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5 Things Every Founder Should Know About Social Entrepreneurship
Social Entrepreneur

5 Essential Insights for Founders in Social Entrepreneurship

Recently, I had the privilege of speaking at the Sustainability Innovation Lab at GSVlabs, sharing insights on a topic I’m frequently asked about – what every founder should know about social entrepreneurship. The spirited discussion that followed the presentation was enlightening, prompting me to share these key takeaways here.

  1. Diverse Legal Structures Exist for Social Entrepreneurship:

Founders should be aware of various legal structures designed for social entrepreneurship. These structures include benefit corporations, social purpose corporations, limited low-profit liability companies (L3Cs), and combinations thereof. They enable companies to prioritize both impact and profit, expanding their focus from a single bottom line (profit) to a double or triple bottom line (people, planet, profit). This shift also broadens a company’s legal responsibilities, extending beyond shareholders to stakeholders like the environment and the community.

  1. Tailored Business Models for Social Entrepreneurship:

Just as a glove fits the hand, legal structures should align with a venture’s business goals and model. Founders should understand that business models tailored for social impact ventures are emerging. Examples include ‘buy one, give one,’ the ‘1%-1%-1%’ model, dedicating a percentage of revenue to nonprofit or policy initiatives, and pay-what-you-can models. These models simplify the explanation and accounting of impact and profit.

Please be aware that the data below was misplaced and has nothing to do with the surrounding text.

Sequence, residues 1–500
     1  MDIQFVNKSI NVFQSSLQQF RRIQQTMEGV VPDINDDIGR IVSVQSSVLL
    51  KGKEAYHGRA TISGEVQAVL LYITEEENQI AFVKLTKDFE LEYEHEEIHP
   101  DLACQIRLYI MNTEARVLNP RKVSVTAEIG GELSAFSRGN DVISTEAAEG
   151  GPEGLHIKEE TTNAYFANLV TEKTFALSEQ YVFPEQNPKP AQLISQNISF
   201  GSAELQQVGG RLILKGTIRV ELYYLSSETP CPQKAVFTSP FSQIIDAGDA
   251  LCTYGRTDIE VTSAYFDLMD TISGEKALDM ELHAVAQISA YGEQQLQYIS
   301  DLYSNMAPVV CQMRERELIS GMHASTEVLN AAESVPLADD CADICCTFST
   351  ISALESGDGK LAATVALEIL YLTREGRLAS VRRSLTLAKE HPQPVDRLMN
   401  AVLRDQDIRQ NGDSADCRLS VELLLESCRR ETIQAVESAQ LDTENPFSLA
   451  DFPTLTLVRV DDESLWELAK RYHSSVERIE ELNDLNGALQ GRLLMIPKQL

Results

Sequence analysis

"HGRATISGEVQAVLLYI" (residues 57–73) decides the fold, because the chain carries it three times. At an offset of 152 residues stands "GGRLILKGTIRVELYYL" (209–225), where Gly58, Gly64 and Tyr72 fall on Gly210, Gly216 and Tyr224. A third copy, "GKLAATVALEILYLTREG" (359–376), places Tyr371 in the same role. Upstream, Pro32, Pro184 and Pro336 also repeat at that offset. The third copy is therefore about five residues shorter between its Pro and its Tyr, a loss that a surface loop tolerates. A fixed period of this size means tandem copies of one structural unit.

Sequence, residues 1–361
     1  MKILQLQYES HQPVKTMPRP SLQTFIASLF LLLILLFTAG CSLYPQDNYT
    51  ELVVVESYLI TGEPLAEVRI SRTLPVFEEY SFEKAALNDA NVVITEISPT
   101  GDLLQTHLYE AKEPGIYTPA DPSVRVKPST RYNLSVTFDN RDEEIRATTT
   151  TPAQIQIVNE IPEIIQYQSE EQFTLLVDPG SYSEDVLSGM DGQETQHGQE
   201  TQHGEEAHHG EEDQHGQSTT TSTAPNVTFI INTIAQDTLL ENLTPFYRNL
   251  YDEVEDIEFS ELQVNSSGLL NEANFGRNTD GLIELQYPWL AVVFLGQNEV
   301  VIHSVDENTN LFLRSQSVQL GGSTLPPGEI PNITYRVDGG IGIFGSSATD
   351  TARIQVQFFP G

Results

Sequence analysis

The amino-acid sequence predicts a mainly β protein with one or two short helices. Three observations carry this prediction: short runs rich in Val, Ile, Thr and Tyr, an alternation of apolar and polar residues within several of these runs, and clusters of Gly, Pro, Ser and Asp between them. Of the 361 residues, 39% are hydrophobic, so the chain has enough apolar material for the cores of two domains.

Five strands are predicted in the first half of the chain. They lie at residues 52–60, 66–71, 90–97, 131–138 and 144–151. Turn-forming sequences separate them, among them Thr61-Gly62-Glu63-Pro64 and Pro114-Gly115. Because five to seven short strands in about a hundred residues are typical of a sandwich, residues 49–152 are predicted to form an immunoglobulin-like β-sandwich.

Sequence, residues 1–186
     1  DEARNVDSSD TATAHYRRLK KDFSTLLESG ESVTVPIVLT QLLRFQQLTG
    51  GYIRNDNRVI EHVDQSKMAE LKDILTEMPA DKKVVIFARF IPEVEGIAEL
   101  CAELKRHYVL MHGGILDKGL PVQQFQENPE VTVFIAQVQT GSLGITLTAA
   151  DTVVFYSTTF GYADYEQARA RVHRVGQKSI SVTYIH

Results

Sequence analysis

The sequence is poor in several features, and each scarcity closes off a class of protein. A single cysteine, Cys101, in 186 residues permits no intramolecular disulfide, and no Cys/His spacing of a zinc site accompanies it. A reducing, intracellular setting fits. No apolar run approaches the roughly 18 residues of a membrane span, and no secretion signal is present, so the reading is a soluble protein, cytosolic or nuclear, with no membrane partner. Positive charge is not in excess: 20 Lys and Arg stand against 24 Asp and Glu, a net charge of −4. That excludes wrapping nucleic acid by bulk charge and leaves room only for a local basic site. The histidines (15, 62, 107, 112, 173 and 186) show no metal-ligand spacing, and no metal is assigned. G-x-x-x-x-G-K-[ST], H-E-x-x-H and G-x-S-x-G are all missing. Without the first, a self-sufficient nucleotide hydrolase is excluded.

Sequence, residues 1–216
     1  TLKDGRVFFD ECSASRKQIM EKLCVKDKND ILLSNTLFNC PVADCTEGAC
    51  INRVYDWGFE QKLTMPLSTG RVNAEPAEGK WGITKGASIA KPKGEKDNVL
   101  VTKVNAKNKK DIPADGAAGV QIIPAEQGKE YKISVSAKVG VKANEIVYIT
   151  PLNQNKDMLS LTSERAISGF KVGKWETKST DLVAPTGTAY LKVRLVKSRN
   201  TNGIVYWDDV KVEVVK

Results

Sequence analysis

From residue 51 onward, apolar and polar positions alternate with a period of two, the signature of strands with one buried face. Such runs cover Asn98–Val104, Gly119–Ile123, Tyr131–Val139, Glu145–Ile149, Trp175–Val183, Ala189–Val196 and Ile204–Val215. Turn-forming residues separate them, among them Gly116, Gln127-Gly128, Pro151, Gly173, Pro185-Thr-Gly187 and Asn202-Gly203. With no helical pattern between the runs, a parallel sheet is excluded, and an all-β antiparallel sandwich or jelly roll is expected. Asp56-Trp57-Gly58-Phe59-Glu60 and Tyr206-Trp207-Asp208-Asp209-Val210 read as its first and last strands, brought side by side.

1. Diverse Funding Options for Social Entrepreneurship:

While traditional funding sources like loans, grants, and venture capital can support social enterprises, the dual objectives of impact and profit can present challenges. Fortunately, a range of funding options cater to social entrepreneurs, including impact investors (focused on impact and profit), Program-Related Investments (PRIs) backed by foundations, and crowdfunding (both donation-based and investment-based). Crowdfunding, in particular, helps validate and fund social impact ventures.

  1. Social Entrepreneurship is a Mindset, Not Just a Business Approach:

In countries like the US, there is no strict legal definition of social enterprise. Consequently, terms like social entrepreneurship and social innovation are used broadly to describe various legal structures and business models, both for-profit and nonprofit. Therefore, social entrepreneurship is as much about mindset as it is about the venture type. Social entrepreneurs are often individuals seeking business-oriented solutions to pressing global issues. They employ entrepreneurial methodologies and a ‘lean’ startup approach to develop revenue models and maximize impact. This mindset involves problem-solving while considering and accounting for multiple end goals with transparency and accountability.

  1. You’re Not Alone – a Supportive Ecosystem Exists:

Entrepreneurship can be challenging, and the pursuit of impact alongside profit can make the journey feel distant and solitary. However, it’s crucial to recognize that social entrepreneurs, both experienced and aspiring, are not alone. An ecosystem of support is continually strengthening and evolving to better address the unique needs and obstacles faced by social entrepreneurs.

In conclusion, these insights shed light on the key aspects of social entrepreneurship that every founder should understand. From legal structures to tailored business models, funding options, and the entrepreneurial mindset, embracing these elements can empower founders to navigate the dynamic landscape of social entrepreneurship effectively.


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